I started reading The Ocean At the End of the Lane by Neil Gaiman on Sunday evening. I stopped reading it when I could no longer keep my eyes open, having got more than half way through. Yesterday, on Tuesday, I finished reading it half an hour after I got home from work. So it’s safe to say I enjoyed it.
The Ocean at the End of the Lane starts with George, a man in his forties, having come from a funeral and returning to visit the place where he grew up. What he finds there is a duckpond which is also an ocean, and the key to memories of a time when he was seven and he learned that the world was more magical, and more dangerous, than he realised. The book contains menacing beings, enchanting visuals and a family of very intruiging women. And also several cats.
It is a powerful story about memories, about childhood, and about how perspectives change between childhood and adulthood. I also think it is about belief: belief in friends, in oneself, and to a certain extent in things that aren’t seen.
It’s taken me as long as it has to write this review because it’s very difficult to come up with new and different ways of saying “it was awesome” for the length that I usually like to write a review. When writing is this good, it’s hard to pick out anything in particular to comment on; it’s hard to think about the writing at all, when it is written so seamlessly that mere words go unnoticed within the magic of the story.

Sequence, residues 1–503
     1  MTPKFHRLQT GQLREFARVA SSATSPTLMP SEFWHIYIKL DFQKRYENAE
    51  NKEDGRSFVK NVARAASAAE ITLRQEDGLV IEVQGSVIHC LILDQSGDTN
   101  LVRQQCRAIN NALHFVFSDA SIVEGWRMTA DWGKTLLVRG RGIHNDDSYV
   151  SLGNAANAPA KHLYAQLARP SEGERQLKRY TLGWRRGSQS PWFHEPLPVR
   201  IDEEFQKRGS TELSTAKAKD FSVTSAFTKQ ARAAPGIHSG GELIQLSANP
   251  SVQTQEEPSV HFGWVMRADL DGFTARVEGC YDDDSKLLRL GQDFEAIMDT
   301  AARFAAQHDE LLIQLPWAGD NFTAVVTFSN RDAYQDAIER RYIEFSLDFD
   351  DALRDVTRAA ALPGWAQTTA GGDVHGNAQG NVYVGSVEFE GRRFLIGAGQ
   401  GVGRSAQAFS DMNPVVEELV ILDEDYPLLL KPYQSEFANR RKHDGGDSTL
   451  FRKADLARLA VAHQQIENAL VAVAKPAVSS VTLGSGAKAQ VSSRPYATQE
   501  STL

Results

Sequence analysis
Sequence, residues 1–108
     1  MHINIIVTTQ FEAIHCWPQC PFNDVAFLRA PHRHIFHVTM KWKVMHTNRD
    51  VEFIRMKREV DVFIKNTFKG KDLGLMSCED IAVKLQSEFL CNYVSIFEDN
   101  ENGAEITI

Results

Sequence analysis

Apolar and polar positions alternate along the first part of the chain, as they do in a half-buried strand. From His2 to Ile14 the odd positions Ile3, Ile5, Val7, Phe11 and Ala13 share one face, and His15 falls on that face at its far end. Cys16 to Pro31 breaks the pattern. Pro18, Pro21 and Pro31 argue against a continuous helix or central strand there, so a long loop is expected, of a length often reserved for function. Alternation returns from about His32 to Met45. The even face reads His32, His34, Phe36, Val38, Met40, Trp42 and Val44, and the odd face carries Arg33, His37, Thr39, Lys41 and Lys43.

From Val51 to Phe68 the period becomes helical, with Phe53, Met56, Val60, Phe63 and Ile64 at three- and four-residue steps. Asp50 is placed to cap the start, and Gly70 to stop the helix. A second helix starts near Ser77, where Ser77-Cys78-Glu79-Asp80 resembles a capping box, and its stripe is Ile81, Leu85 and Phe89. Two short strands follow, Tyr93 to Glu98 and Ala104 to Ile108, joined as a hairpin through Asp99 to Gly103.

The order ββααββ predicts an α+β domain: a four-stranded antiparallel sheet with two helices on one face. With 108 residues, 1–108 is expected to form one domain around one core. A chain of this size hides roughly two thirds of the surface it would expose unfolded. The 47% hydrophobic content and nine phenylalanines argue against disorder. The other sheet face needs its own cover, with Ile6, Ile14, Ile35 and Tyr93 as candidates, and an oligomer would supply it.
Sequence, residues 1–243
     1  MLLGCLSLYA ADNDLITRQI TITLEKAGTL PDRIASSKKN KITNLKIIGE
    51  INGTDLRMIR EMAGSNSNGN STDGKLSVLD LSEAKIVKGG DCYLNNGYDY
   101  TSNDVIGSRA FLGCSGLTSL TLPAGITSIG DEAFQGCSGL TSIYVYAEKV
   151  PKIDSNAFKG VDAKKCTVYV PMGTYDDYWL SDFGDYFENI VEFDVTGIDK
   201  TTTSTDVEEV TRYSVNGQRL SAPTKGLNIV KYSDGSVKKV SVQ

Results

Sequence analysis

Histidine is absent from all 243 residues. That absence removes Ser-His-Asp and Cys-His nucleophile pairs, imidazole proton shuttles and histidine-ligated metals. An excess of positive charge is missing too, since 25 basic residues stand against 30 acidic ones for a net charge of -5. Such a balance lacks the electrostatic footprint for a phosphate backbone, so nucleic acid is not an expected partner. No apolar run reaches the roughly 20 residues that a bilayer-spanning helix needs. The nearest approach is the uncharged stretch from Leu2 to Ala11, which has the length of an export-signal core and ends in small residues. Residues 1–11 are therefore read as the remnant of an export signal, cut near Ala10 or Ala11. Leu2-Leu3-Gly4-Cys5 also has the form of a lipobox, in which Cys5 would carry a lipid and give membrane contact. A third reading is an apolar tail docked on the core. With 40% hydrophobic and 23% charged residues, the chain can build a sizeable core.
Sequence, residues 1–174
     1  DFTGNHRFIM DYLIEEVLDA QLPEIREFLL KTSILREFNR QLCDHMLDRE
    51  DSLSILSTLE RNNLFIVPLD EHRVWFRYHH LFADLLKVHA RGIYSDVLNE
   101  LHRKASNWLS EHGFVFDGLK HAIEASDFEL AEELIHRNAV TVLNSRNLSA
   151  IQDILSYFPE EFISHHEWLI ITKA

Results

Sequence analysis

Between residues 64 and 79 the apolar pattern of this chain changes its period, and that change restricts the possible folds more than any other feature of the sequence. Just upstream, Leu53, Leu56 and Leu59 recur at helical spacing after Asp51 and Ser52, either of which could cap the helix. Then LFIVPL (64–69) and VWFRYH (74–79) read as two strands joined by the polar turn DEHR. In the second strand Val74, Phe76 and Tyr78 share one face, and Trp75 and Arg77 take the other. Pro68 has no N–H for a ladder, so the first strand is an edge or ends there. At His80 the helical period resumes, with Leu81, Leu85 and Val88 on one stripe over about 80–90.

So I suppose that makes a good starting point: the flow and pacing were spot on. There was no part where I felt the writing moved too slowly or too quickly for the content of the story. I finished this book in three sittings, and at the end of each I stopped for reasons which are not the fault the book – sleepiness, dinner being ready, and, okay, yes, the third one is the fault of the book; there was none of it left.
The only occasions I did have enough self-awareness to notice the writing was twice when I noticed how well chosen particular phrases were to give an impression of a visual in a masterful economy of words.
One of those visuals, of a scattering of candle flames and silk, really encapsulated one side of the magic of the world: it is full of enchantment and wonder. It is beautiful and beyond reason, and there is a comfort to its presence. The other side of the magical world mirrored it perfectly, with sinister creatures which felt genuinely creepy and dangerous, even before they actually became dangerous.
The Ocean at the End of the Lane gives also a very good example of how a prologue and epilogue can be used effectively to frame a story, while being both relevant to it and slightly outside it. They brought the story full circle, and gave insight into the characters and the world which could not be told from the perspective of the seven-year-old George.
This is a book I want to read again. It’s definitely going on my favourites shelf (the top shelf, alongside Howl’s Moving Castle). I am not at all surprised that it won the National Books Awards 2013 Book of the Year award. And after everything I have written above, I suspect you will not be surprised when I rate it 10/10.